Joint mobility is the ability of joints to move. In other words, it is the range of movement of a joint.
Joint mobility can vary considerably from person to person. This variability is due to factors such as gender, age or the degree of activity performed on a daily basis.
But is joint mobility important, and can we improve it? We talk about it below.
Joints are very complex joints, in which a large number of structures of different natures are involved in a coordinated manner.
They are like gears that, in an ideal situation, function smoothly and with sufficient amplitude to connect different parts of the body and allow different functions to be performed.
It should be noted that the movement of the joints should not be painful. In this case, there would be a problem or alteration, sometimes due precisely to a lack of mobility.
The good news is that, although there is great variability between individuals, joint mobility can be exercised and improved.
To do this we will have to work on gaining range of motion of the joint, as well as exercising muscle flexibility. All this can be achieved by performing joint mobility exercises.
There are different joint mobility exercises that we can do to improve the range of motion of our joints.
We can start working on this even if we are not experiencing any problems.
In fact, it is best not to wait until there is discomfort, but to do these exercises as a preventive and regular activity for our general well-being and the maintenance of strong joints.
However, it is also advisable to do this type of training if we have started to experience discomfort or loss of mobility in our joints because we have not done any physical exercise for years or, independently of this, we have followed very sedentary routines.
Please note that if you have a diagnosed joint problem, feel pain or have symptoms such as swelling, it is important to consult a specialist before doing joint mobility exercises on your own.
In any case, these types of exercises can help you to keep your joints healthy and strong, as well as to prevent loss of mobility or to regain mobility when it has been reduced.
Some simple exercises to mobilise the joints of the upper half of the body are:
- Controlled movements of the head, extending and flexing the neck. In other words, we exercise the neck by moving the head up and down.
- Circular movements of the head, bringing the chin to the chest and the back of the neck to the back.
- U-shaped movements, bringing the head to each side alternately with the chin close to the chest.
- Lateral turns of the face, rotating the neck to look to one side or the other.
Mobility of arms and hands
- To work on the joints of the upper limbs, we stretch our arms out to the sides (in a cross) and, in this position, we make circles, first forwards and then backwards.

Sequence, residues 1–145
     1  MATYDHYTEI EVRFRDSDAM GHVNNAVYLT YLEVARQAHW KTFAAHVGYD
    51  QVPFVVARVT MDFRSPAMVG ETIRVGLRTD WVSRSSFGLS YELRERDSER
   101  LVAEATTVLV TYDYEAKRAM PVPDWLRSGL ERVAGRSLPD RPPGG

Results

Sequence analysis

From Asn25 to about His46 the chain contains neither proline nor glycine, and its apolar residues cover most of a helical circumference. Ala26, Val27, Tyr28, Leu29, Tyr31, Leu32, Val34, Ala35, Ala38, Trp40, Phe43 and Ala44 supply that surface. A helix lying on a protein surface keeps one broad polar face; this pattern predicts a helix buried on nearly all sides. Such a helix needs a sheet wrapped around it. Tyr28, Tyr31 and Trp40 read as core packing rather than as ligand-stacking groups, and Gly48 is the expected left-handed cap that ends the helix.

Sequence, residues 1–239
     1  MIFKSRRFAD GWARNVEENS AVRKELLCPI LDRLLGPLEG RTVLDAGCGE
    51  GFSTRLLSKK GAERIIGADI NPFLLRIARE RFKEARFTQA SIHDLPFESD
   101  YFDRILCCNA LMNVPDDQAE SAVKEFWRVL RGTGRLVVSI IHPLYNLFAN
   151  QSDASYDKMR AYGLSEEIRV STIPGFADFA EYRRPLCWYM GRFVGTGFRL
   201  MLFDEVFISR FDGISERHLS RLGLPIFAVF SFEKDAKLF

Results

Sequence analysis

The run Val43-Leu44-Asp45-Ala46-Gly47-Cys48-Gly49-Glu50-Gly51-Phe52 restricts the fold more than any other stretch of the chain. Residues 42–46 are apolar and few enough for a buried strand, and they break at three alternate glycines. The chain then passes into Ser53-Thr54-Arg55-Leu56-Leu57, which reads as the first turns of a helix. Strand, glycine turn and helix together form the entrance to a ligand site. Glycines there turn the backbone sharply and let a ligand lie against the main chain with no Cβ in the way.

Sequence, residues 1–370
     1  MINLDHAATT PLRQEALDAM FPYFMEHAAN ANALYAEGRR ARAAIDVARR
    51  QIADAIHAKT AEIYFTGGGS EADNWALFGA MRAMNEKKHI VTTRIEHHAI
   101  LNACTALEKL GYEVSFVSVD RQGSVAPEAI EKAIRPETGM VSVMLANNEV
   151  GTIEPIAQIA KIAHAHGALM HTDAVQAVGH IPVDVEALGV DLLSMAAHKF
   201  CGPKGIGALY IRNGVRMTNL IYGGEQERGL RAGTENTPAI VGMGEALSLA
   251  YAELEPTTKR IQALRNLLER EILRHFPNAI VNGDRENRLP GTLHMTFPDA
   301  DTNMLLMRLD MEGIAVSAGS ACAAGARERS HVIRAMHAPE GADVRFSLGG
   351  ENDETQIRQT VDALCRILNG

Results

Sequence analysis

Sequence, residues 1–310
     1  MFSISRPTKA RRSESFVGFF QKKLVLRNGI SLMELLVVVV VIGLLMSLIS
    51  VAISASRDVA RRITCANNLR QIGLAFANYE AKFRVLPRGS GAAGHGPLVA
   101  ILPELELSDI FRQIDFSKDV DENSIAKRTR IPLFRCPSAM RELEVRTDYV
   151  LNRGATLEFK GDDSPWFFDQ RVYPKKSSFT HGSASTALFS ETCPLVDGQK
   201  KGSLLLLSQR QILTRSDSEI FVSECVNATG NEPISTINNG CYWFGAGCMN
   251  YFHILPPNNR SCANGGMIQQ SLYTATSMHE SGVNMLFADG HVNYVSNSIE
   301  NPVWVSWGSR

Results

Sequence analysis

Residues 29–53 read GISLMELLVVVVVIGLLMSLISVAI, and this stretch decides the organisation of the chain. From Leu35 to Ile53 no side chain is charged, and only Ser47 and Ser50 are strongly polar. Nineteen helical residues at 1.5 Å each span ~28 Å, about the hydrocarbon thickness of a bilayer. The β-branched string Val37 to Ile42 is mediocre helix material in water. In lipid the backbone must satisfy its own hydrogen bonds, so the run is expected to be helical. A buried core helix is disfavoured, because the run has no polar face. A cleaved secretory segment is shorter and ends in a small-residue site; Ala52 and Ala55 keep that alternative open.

- Another exercise to work on the flexibility of the arms consists of raising and bending at the back. In other words, we raise one arm and bend it behind the head, helping us with the opposite arm to hold the elbow and exert a slight pressure.
- To exercise the mobility of the wrists we can perform circular movements, as well as palm and dorsal flexions with each hand.
Exercises to mobilise the trunk
- To work on the mobility of the trunk joints, we can perform torso rotation exercises. We simply have to place our hands in a jug, at the waist, and make turns or movements to one side or the other.
- Another way to exercise trunk mobility is to perform lateral bends. To do this, we extend the right arm over the head while leaning to the left (the left arm remains at the waist). Then we change sides and arms.
- One of the most recommended joint mobility exercises for working the trunk is the “cat”. You could say that this exercise consists of imitating the movements that a cat makes when it stretches.
It is performed on all fours, with the hands aligned with the shoulders and the knees aligned with the hips. In this position, we curve our back outwards, stretching well and keeping our chin to our chest. We then arch our trunk (inwards) while extending our neck and head.
Leg and foot mobility
To work the lower part of the body we can perform exercises such as:
- Circular rotations of the ankles.
- Knee bends, sticking the lower half of the leg to the back and holding it by the foot.
- Leg stretches, sitting on the floor. To do this, we will have to extend our legs wide and try to touch the tips or soles of our feet. We can do this either with our legs facing forwards or with them open to the sides.
Another exercise to work on the mobility of the joints of the legs consists of doing leg openings. We need to stand up, raise the knee to the front, open it to the side and lower it back to the floor. You can do a series of, for example, 10 lifts with each leg before changing or alternating one leg and the other for each lift.
Take care of your joints
Healthy and strong joints are essential for optimal well-being. They are also the best prevention against different pathologies and natural physiological processes such as ageing.
Regular joint mobility exercises are an excellent way to strengthen and care for our joints, but not the only way.
Another way to help our joints is by taking supplements specifically formulated to support joint health. Two suitable options for such products are:
- Silicium G5 Original: based on organic silica, this supplement in drinkable (liquid) form promotes joint well-being and has an anti-ageing effect by promoting the regeneration and repair of structures. It also increases the production of natural collagen, essential for optimal joint health.
- Orgono Articomplex: through a specific combination of vitamins, essential minerals and organic silica, this supplement protects joints and improves muscle function.